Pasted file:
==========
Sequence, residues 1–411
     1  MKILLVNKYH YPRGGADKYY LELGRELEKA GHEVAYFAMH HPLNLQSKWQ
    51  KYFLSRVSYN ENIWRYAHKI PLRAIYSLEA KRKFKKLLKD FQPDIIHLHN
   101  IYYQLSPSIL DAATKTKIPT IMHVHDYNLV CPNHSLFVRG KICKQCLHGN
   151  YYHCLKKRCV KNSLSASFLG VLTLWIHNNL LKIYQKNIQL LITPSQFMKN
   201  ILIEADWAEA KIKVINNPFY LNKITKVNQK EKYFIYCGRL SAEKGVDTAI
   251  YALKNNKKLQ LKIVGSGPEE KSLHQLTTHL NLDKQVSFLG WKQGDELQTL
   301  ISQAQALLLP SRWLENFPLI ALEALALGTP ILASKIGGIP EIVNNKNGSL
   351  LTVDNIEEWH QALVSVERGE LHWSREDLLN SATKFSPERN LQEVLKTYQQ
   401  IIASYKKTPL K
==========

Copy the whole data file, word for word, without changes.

Sequence, residues 1–411
     1  MKILLVNKYH YPRGGADKYY LELGRELEKA GHEVAYFAMH HPLNLQSKWQ
    51  KYFLSRVSYN ENIWRYAHKI PLRAIYSLEA KRKFKKLLKD FQPDIIHLHN
   101  IYYQLSPSIL DAATKTKIPT IMHVHDYNLV CPNHSLFVRG KICKQCLHGN
   151  YYHCLKKRCV KNSLSASFLG VLTLWIHNNL LKIYQKNIQL LITPSQFMKN
   201  ILIEADWAEA KIKVINNPFY LNKITKVNQK EKYFIYCGRL SAEKGVDTAI
   251  YALKNNKKLQ LKIVGSGPEE KSLHQLTTHL NLDKQVSFLG WKQGDELQTL
   301  ISQAQALLLP SRWLENFPLI ALEALALGTP ILASKIGGIP EIVNNKNGSL
   351  LTVDNIEEWH QALVSVERGE LHWSREDLLN SATKFSPERN LQEVLKTYQQ
   401  IIASYKKTPL K